NOCTURNAL ANIMALS 
Directed by Tom Ford
Given his background, director Tom Ford’s second film is surprising in that it is not a case of style over substance – there isn’t anything too flashy for the most part, but much of the film has a subtle stylish quality to it, including the the cinematography and the use of colour. However the story is also fantastic; a gritty, violent thriller with a bit of dark humour thrown in for kicks.
It is clear from the start of the film that Susan, a successful art gallery owner, isn’t in a good place mentally. Christ, just look at the opening scene that accompanies the credits! She isn’t sleeping, she is losing faith in herself and her career, and possibly her marriage. It is also established quickly that she is financially well-off.
Without warning, a completed book is mailed to her by her ex-husband of 19 years, Edward, a man that she says she broke up with in a bad way. Cleverly, the film doesn’t show us what that was specifically, rather it uses the book to give us clues. The story Edward has written is a dark, violent and vengeful tale. Julie takes this personally, and it is hard not to see why when we begin to learn about the similarities in personality between the book’s protagonist, Tony, and Edward himself.
It is interesting to watch Susan’s reactions as she reads the story, with many close-up shots, especially her eyes, showing a lot more than she could ever say. The further into the story she reads, the more it affects her mental health. I love the idea of a story within a story, which is obviously not a new trend, but this film certainly offers a few twists on that formula.
What lingers in my mind is how the film slowly reveals itself. The film will occasionally flashback to a moment when Susan was with Edward, and at first the scene won’t make much sense. However, later into the film, an event or scene will explain that flashback, peeling away another layer of the story. These flashback scenes are handled perfectly; Jake Gyllenhaal even looks younger during these scenes, and without the heavy Texan accent he has within the confines of the book, there is no confusion. We always know where we are within the movie.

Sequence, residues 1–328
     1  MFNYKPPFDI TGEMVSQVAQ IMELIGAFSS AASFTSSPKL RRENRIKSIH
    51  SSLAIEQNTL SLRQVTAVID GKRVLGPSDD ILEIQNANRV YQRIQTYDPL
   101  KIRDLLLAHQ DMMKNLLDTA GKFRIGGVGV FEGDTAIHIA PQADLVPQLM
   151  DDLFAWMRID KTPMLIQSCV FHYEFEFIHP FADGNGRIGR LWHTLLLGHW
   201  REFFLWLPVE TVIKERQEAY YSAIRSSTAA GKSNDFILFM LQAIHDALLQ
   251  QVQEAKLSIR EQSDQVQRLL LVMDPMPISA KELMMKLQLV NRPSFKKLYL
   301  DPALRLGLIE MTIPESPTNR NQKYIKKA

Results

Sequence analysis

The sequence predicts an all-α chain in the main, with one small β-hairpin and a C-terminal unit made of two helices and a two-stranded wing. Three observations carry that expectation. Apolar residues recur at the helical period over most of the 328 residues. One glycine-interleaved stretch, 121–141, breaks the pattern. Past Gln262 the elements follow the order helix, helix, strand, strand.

At first, I thought the ending was extremely premature. But after thinking about it for a bit, it makes perfect sense given the events that preceded it. This is a unique film to be certain, especially during the second and third acts. As for Amy Adams, this is two roles in a row that she has nailed, and each of those roles couldn’t be more different. She even looks very different here. Gyllenhaal doesn’t let us down, unsurprisingly, and Michael Shannon serves as a fine grumbly old detective whose idea of the law becomes slightly warped as the film rolls by.
Impressive, original and well-acted, there isn’t a film I can think of to compare this to – which is an infinitely good thing. Stylish when needed and gritty when it counts, this is a multi-faceted film that needs to be seen more than once. And as most of us know, the films you need to watch more than once often end up becoming favourites. The only niggles I have are some aspects of the script and screenplay – a lot of the humour fell flat, and some very tense scenes were undone by some very predictable action, as well as a script that is as sharp as a spoon. Still though, I sure as hell will be watching this one again soon to attempt to piece together this enthralling jigsaw.
Five beers out of a sixer. A second viewing will probably raise that score.